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A Forward-looking EU Climate Policy

by Xavier Labandeira
Director, CPRU

20 October 2014


Last spring the Eurobaromoter presented the results of a special survey on the perceptions of EU citizens regarding climate change. Summing up, around half of the Europeans think that climate change is one of the most important problems faced by the world and more than two thirds believe that fighting climate change, promoting energy efficiency and reducing fossil fuel imports (by increasing the share of renewables) will benefit the EU economy and employment. A few months later, the contents of the ‘Resilient Energy Union’ priority for the new Commission largely resemble those findings.

Climate policies are a straightforward response to tackle climate change and EU citizens are aware of that, even though they emphasise the responsibility of national governments in this area. This is somehow surprising, as EU climate policy has gained momentum since the beginning of the century, with the EU emissions trading scheme (ETS) at its core. Although many had expected better results from EU climate policy, its mere existence and developments are significant achievements given the difficulties for global climate agreements during this period. In particular, the EU ETS is a well-founded policy instrument that had to face a very complex environment during its short life, showing capability for adaptation and improvement. But coming back to the views of citizens in the Eurobarometer, perhaps they are right in demanding a more active approach by many member states as they have an important role in regulating non EU ETS sectors.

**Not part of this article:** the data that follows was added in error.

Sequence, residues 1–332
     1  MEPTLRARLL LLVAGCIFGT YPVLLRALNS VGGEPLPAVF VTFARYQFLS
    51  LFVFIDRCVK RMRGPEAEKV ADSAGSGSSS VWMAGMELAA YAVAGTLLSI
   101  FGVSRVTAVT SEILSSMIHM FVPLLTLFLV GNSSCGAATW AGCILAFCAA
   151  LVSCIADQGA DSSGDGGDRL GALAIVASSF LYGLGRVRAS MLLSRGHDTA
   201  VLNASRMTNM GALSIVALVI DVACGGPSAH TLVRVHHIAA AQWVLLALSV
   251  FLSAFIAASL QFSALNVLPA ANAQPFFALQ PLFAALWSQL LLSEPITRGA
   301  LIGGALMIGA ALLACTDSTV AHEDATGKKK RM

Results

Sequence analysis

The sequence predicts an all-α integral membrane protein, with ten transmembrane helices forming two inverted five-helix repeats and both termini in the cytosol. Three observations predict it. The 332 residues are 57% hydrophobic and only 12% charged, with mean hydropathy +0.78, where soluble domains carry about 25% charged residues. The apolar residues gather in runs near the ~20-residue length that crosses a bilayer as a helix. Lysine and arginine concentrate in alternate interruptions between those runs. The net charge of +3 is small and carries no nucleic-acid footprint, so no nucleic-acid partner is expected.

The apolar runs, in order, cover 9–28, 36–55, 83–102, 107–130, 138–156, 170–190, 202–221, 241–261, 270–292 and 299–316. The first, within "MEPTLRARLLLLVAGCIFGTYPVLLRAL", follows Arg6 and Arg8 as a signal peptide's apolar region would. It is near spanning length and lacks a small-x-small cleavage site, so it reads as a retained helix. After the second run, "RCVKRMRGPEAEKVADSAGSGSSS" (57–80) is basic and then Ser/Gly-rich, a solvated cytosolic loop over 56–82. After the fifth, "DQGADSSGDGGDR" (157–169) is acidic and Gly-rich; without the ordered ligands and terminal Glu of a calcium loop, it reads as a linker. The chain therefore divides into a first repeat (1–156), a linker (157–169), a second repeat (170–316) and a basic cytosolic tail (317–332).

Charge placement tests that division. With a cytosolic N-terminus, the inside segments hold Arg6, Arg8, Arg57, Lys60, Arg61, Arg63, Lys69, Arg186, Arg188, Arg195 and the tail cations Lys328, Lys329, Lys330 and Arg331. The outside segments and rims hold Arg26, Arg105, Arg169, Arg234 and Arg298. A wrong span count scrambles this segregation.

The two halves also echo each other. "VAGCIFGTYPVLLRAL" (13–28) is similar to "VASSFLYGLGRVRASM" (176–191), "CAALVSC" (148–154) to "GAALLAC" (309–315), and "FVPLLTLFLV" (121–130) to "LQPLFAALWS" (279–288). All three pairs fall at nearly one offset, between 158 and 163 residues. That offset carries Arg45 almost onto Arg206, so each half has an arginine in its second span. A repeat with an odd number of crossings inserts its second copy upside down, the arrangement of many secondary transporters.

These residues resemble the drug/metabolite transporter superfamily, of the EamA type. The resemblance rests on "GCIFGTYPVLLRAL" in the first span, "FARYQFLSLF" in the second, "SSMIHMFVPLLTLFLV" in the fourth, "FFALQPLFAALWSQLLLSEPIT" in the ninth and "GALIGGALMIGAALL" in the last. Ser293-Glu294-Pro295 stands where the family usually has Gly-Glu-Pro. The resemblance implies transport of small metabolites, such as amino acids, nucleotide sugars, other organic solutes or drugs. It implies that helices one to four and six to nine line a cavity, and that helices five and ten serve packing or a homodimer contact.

Notwithstanding the achieved, the challenges for future climate policies in the EU are huge and only a minor part of them are contemplated by the ‘EU 2030 framework for energy and climate policies’, a Commission proposal that pays special attention to new emissions commitments and various reforms in the EU ETS and that is currently being discussed. Indeed, the 2050 roadmap envisions a very low-carbon European society by the middle of the century and this requests not only cost-effective policies for reducing emissions (such as the EU ETS) but also a boost for innovation and decisive actions, usually overlooked, in our public and private infrastructures that are actually warehouses of future emissions. EU and member-state adaptation policies will also play an important role in the next decades and this requires a careful consideration of their fit and contribution to the existing mitigation packages.

Knowing what has worked and how, and properly assessing future actions in this area (including the synergies and interactions associated with a multi-national, multi-objective and multi-instrument setting) is a must for any public policy but more so for large-scale interventions such as those associated with climate change. Yet proper policy analysis has also a very important external component in this case: European climate policies are being closely observed by a myriad of emerging and developed countries, as the EU leadership in this field has implicitly turned them into a lab for the world. Therefore our assessments may guide other governments in the definition and implementation of climate policies and thus may notably facilitate global progress in the fight against climate change. 


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